Nathan Chapman (soldier)

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Nathan Chapman
Chapmans Coffin.jpg
Chapman's coffin being carried by military pallbearers in January 2002.
Birth name Nathan Ross Chapman
Born (1970-04-23)23 April 1970
Andrews Air Force Base, Maryland, U.S.
Died 4 January 2002(2002-01-04) (aged 31)
Gardez, Afghanistan 
Buried at Tahoma National Cemetery, Kent, Washington
Allegiance  United States of America
Service/branch United States Army
Rank Army-USA-OR-07.svg Sergeant First Class
Unit 1st Special Forces Group

Bronze Star Medal ribbon.svg Bronze Star

Purple Heart ribbon.svg Purple Heart

Nathan Ross Chapman (23 April 1970 – 4 January 2002) was a United States Army Sergeant First Class with the 1st Special Forces Group. He was the first American soldier to be killed in combat in the war in Afghanistan.

Early life and education[edit]

The son of Wilbur and Lynn Chapman, Chapman was born at Andrews Air Force Base, where his father was stationed at the time. Chapman grew up in a variety of towns across the United States, but listed his hometown as San Antonio, Texas when he joined the military at the age of 18. He had never lived in San Antonio, but that is where his grandparents lived.[1]


Chapman's military career spanned 13 years[2] and included combat service in Haiti, Panama and the Persian Gulf War.[3] In 1989, he parachuted into Panama during the invasion of that country. He also served in Operation Desert Storm and later attended the U.S. Army Special Forces School at Fort Bragg, North Carolina. Assigned to the 1st Special Forces Group following the 11 September attacks, Chapman was directing troop movements from the back of a flatbed truck when he was shot.[4] He did not die instantly from the attack, which also saw a CIA Paramilitary Operations Officer from Special Activities Division wounded.[5][6] Although originally dubbed an "ambush", the military backed away from using the term.[7]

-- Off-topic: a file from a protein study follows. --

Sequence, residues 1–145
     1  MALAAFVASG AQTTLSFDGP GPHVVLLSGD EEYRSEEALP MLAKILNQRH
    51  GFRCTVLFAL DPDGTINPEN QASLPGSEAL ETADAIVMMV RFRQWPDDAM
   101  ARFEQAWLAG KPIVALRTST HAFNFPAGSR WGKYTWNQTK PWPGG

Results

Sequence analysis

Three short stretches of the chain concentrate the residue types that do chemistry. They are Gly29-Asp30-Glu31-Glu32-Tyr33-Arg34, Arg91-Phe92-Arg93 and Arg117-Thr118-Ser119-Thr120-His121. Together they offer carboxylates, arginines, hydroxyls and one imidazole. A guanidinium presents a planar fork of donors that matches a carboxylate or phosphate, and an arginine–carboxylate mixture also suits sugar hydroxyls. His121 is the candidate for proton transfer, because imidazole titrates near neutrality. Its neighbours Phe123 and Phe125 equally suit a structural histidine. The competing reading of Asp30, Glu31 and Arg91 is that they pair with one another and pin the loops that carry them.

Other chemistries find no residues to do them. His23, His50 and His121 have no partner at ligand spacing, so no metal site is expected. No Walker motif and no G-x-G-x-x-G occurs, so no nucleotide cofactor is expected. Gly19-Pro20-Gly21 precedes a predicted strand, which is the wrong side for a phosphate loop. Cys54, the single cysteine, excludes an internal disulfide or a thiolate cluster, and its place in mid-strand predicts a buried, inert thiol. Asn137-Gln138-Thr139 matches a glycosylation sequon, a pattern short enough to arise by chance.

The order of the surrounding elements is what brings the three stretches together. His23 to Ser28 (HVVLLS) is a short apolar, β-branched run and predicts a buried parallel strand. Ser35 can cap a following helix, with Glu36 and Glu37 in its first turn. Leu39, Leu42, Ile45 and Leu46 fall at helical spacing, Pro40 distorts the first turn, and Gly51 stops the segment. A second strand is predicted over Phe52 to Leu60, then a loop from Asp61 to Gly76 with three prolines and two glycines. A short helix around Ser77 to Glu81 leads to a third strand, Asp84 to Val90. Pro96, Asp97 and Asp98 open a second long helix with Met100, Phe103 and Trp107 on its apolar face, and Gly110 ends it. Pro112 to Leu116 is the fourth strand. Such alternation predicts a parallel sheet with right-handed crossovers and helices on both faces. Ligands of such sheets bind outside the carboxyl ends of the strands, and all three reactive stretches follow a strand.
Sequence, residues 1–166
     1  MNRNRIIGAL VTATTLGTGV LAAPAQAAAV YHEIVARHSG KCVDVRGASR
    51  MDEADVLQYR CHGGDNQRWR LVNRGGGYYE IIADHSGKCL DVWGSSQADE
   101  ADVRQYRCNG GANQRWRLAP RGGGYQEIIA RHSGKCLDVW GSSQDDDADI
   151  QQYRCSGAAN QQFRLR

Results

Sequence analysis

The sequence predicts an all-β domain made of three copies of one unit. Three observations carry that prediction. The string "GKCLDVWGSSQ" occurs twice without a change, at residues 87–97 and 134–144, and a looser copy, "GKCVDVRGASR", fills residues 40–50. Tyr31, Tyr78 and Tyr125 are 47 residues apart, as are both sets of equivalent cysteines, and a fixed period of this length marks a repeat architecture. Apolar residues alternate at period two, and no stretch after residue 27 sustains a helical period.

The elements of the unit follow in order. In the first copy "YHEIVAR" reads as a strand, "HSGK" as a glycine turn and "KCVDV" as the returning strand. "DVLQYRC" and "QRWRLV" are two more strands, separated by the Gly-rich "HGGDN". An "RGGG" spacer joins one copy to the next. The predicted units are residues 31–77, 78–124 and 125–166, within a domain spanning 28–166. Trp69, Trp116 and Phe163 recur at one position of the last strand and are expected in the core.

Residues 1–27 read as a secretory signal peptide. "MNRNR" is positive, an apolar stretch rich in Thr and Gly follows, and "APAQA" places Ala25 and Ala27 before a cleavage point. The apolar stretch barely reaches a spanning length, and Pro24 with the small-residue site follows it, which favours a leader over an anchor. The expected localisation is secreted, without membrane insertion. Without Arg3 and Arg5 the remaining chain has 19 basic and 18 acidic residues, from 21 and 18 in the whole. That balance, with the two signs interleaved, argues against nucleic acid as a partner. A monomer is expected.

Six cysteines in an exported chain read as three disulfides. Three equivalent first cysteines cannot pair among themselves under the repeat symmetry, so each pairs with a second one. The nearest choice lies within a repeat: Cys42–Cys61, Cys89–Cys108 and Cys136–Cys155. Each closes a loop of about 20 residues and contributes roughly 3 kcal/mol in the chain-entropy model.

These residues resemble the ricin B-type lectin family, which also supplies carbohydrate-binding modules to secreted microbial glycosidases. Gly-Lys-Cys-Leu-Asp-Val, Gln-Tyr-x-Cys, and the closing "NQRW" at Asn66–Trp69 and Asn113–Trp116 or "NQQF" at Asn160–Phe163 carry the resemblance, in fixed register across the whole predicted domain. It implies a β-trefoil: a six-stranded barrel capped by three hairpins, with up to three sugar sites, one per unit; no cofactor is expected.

He was posthumously awarded the Purple Heart and the Bronze Star.[5] Forward Operating Base Chapman was named after SFC Chapman.


Chapman, his wife Renae and two children [8] lived in Puyallup, Washington. He was buried at the Tahoma National Cemetery in Kent, Washington.[9]

See also[edit]


  1. ^ Widow of first servicemember to die in Afghanistan War still struggling with loss and Veterans Administration CBS News, July 10, 2012
  2. ^ Soldier's body to arrive in the U.S. Tuesday CNN, January 7, 2002
  3. ^ Fallen Green Beret Is Eulogized The Los Angeles Times, January 11, 2002
  4. ^ Marek, J.B. "Shadow Massacre", 16 July 2007
  5. ^ a b Bongioanni, Carlos. Okinawa bureau Stars and Stripes, "Okinawa service salutes Nate Chapman a former Torii Station Green Beret killed in Afghanistan" Pacific edition, Sunday, 13 January 2002
  6. ^ U.S. War Victim Rode Into Afghan Turf Fight The New York Times, February 9, 2002
  7. ^ " - U.S. backs away from term 'ambush' in soldier death - January 9, 2002". 2002-01-09. Retrieved 2014-07-29. 
  8. ^ First American to die in Afghanistan, Nathan Chapman, remembered eight years later The Daily News, January 4, 2010
  9. ^ Nathan Ross Chapman at Find a Grave